Label-Free Physiology: Photonic Crystal Enhanced Microscopy of Cardiomyocytes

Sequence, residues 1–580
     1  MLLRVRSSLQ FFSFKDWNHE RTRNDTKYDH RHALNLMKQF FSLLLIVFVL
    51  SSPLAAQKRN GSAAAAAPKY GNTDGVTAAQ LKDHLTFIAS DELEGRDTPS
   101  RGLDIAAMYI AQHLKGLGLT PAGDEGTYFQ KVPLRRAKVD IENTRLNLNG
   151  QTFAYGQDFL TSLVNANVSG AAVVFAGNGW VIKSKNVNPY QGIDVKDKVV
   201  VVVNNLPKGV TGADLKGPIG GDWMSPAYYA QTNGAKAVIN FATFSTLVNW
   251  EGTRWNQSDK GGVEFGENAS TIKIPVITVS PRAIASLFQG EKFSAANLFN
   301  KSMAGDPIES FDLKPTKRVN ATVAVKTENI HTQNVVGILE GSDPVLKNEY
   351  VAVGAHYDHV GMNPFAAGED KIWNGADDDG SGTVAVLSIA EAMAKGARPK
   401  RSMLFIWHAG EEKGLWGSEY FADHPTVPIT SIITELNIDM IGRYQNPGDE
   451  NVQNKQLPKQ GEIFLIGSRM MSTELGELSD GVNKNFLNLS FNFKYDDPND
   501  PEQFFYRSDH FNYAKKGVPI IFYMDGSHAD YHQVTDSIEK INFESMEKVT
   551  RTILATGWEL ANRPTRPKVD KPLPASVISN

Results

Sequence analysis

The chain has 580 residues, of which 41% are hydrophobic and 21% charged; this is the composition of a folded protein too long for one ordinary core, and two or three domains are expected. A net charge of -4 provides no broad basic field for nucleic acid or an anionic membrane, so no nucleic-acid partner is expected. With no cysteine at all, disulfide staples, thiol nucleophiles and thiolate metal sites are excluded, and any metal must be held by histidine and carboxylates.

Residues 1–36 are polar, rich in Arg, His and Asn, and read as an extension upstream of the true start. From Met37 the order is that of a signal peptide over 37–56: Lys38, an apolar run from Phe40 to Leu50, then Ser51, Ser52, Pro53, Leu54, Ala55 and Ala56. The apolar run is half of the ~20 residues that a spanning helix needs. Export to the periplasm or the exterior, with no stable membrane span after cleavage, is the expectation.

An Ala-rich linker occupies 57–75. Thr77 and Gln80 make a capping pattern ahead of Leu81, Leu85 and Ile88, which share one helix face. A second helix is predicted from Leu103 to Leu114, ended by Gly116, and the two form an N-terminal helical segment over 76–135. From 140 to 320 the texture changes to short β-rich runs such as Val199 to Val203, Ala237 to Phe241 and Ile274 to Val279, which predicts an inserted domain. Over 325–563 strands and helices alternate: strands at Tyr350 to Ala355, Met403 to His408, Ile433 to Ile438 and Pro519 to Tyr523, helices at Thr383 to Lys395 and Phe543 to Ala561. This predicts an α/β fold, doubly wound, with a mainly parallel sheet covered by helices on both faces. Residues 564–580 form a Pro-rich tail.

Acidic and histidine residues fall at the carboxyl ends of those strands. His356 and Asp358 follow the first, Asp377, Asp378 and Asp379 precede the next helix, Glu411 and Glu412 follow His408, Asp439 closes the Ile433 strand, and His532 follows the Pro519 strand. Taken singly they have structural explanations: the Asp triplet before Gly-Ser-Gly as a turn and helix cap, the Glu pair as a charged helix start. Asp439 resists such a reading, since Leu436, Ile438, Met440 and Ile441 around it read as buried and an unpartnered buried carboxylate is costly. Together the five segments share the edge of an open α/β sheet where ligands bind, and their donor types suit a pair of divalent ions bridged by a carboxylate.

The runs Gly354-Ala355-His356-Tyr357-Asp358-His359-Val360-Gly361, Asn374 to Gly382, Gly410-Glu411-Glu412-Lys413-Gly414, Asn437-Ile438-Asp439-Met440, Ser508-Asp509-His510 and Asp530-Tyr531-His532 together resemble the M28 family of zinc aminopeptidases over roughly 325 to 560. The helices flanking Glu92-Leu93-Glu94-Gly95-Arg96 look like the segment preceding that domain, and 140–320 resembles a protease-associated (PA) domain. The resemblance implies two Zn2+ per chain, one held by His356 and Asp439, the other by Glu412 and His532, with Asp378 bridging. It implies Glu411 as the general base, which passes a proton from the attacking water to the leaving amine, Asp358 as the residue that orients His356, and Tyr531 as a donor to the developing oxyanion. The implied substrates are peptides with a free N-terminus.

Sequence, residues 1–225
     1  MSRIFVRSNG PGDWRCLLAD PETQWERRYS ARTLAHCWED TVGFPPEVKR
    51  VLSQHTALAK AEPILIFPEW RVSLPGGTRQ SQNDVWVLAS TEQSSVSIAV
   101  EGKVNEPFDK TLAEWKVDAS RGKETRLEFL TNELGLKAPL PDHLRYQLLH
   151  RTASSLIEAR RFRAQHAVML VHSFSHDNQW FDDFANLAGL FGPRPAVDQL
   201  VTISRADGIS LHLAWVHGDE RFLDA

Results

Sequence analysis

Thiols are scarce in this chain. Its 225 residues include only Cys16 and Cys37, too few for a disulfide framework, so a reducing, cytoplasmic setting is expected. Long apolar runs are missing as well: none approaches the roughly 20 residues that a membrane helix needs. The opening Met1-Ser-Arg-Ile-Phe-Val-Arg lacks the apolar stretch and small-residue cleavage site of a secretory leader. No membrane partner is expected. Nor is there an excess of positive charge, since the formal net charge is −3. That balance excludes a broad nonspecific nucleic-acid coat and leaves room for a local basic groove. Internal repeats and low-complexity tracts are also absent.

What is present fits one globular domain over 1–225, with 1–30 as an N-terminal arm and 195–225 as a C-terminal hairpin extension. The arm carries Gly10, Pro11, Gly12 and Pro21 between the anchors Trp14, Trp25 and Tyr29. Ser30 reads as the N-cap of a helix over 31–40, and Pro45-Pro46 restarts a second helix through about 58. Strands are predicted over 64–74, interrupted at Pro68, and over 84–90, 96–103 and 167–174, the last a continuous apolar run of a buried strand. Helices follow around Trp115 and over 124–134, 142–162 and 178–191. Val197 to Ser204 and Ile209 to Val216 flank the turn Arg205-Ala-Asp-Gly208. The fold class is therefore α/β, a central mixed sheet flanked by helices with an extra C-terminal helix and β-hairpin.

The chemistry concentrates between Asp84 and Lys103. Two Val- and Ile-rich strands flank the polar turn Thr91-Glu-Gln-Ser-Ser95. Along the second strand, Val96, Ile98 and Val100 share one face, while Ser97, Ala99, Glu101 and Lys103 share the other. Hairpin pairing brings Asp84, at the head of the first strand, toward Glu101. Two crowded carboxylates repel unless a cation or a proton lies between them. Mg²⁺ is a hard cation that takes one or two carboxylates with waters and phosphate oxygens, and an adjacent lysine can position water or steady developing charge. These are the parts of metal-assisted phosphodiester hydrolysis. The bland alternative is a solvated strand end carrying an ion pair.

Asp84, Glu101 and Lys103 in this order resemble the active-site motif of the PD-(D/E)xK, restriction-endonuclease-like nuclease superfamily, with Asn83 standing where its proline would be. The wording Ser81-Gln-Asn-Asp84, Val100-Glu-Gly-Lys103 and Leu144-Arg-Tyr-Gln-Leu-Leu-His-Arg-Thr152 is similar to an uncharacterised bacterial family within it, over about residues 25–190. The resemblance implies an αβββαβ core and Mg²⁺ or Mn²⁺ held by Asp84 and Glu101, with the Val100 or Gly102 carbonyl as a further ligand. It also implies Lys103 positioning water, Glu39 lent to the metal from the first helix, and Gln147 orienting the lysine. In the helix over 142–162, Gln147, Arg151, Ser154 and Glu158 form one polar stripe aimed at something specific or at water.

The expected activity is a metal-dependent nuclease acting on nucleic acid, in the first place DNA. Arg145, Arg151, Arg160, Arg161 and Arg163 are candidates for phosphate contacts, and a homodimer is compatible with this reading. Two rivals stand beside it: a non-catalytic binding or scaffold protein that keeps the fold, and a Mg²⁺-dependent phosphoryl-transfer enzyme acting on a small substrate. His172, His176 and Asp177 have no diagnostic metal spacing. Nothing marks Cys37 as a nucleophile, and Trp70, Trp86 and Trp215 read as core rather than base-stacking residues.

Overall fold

Molecular and cellular mechanics play an integral role in many biologically and clinically important processes, but methods to assess the strength and health of cell attachment remain limited in both scale and throughput. To address the need for a robust method to assess the density and strength of cell attachment, we have developed Photonic Crystal Enhanced Microscopy (PCEM) – a wide-field, label-free technique designed to image cell attachment. Briefly, PCEM allows direct detection of localized changes in dielectric permittivity as cell attachment proteins are deposited on nanofabricated photonic crystal (PC) biosensors. In this work, we characterize the processes of cell adhesion, growth, movement, and differentiation as they relate to cell adhesion on a range of substrates, and in context with several cell models. Systems studied include primary cardiomyocytes, mesenchymal stem cells, and hepatic and pancreatic carcinoma cell lines. PCEM provides cell attachment information that is not available via traditional light microscopy, and as a label-free technique, it can be used to study cell and molecular mechanics over prolonged periods in the absence of perturbing or cytotoxic labels, stains, or fluorophores.